What People Get Wrong About Narcissists

·Senior Editor
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Look into the mind of a narcissist, and you might be pleasantly surprised. … Or horrified. (Photo: Flickr/Matthew Roth)

You’re so vain, you probably think this article is about you. Don’t you? Don’t you?

It’s OK — at least, if you’re a narcissist.

People love to hate on narcissists. And some of that’s fair. By definition, narcissists are self-centered and lack empathy for others — not exactly the most desirable personality traits. But narcissists are also often misunderstood  — and are more common than you might think, experts say.

“Every living person has some narcissism in us. We all fall on a spectrum,” says Fran Walfish, PsyD, a Beverly Hills family and relationship therapist and author of The Self-Aware Parent. “My personal clinical observation is that about one-third of the population among us is narcissistic.”

Here’s a look at some of the main things people get wrong about narcissists, according to psychology experts and the people who know narcissists best: themselves.

Related: Is Your Friend a Narcissist? The Telltale Signs of 6 Personality Types

1. Narcissists are actually pretty good at reading other people.

Narcissists are known for being self-involved. But they can also be very sensitive to how another person is thinking or feeling, which goes against what most people would expect, says Mark Ettensohn, PsyD, a psychologist in Sacramento, California, who specializes in narcissism. 

“Because narcissists spend so much time trying to manage deeply felt insecurities and trying to read other people for whether or not they’re liked, they tend to get pretty good at knowing what’s going on inside of others,” Ettensohn tells Yahoo Health.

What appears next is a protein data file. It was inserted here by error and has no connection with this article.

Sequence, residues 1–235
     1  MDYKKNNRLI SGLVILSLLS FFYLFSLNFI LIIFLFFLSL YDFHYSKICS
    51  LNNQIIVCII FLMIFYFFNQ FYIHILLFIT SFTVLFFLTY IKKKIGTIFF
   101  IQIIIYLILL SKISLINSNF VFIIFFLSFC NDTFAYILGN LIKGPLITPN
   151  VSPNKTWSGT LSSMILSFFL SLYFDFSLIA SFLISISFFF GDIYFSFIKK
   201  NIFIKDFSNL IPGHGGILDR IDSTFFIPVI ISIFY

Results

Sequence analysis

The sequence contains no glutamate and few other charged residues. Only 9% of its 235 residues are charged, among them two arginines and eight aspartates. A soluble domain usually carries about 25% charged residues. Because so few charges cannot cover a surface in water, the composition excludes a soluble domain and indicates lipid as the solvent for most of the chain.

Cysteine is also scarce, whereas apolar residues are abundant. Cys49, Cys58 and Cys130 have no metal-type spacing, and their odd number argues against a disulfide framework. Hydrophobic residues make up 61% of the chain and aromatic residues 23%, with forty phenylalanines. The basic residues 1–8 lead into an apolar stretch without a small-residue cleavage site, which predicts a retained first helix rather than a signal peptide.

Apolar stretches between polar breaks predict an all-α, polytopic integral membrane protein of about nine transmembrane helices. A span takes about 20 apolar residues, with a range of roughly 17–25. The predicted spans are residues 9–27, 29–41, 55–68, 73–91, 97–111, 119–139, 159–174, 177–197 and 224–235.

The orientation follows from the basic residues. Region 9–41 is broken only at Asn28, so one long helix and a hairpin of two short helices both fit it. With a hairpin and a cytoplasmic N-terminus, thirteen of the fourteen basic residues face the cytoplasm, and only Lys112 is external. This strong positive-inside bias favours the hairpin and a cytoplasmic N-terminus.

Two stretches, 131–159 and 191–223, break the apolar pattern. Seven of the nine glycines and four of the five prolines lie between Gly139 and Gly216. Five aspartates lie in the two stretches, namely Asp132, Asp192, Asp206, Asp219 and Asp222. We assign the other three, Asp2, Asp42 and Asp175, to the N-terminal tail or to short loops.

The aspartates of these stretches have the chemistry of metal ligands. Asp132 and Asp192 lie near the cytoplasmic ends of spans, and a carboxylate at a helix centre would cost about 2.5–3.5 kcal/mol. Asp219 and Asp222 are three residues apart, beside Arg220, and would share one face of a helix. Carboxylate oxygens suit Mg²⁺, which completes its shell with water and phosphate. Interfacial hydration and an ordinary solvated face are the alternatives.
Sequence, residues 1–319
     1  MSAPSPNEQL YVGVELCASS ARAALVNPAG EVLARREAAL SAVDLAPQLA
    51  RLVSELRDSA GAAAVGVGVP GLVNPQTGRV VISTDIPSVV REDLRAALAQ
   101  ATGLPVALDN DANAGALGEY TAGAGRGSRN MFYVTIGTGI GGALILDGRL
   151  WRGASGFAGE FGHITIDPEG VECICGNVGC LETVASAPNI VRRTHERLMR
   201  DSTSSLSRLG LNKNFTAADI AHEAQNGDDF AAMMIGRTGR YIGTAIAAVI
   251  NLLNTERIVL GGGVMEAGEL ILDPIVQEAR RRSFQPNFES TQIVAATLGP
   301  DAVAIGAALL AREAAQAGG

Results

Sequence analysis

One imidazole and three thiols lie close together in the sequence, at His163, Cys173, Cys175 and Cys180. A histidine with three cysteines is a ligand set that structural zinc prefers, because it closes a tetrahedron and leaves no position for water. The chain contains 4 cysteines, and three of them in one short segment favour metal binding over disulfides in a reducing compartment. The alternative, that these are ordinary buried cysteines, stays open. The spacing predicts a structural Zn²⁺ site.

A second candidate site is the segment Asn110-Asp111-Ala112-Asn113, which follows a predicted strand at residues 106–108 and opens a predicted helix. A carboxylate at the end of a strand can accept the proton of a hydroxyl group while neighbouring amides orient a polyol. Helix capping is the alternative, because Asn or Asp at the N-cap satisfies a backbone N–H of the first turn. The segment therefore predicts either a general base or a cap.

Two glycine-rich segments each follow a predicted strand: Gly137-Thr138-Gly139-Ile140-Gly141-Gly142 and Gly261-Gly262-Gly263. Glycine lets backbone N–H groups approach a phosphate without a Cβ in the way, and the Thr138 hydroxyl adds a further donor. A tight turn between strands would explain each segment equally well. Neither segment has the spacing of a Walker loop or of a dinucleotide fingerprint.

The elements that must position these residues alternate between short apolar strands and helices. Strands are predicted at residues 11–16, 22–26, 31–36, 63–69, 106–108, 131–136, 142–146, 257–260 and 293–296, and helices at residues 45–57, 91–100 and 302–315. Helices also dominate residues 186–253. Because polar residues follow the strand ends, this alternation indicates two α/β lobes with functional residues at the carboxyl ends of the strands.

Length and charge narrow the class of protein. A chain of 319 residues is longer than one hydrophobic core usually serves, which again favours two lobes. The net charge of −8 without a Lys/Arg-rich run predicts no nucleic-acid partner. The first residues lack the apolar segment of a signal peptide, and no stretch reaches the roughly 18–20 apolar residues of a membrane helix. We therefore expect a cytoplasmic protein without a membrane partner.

Related: 5 Benefits of Narcissism

2. A lot of narcissists have low self-esteem.

“People think that narcissists love themselves too much, when in fact it’s usually the opposite,” Ettensohn says. Many narcissists have such low self-esteem that it actually feeds into their narcissistic behaviors. They’re so hungry for positive feedback, Ettensohn explains, that they exaggerate their achievements to themselves and to others.

3. Narcissists often assume leadership roles (but they’re not necessarily good leaders).

People who have healthy self-esteem and a moderate degree of narcissism tend to be sought after for leadership roles, says Daniel Bober, DO, assistant clinical professor of psychiatry at Yale University School of Medicine.

“People with moderate degrees of narcissism project self-confidence and draw people in, and people tend to follow them because of that confidence that they have,” Bober tells Yahoo Health.

In fact, a study from Ohio State University confirmed that narcissists tend to be the first to step up and take charge when a group lacks a designated leader. In the study, researchers split undergrads into groups of four and asked them to participate in a mock debate with one another about fictional political candidates.

After the discussion, the study participants assessed the leadership qualities of the other group members. The results, which were published in the journal Personality and Social Psychology Bulletin, found that students with narcissistic traits were more likely to be seen as leaders by the other group members. They were also more likely to volunteer to be leaders, and to say that they led the group.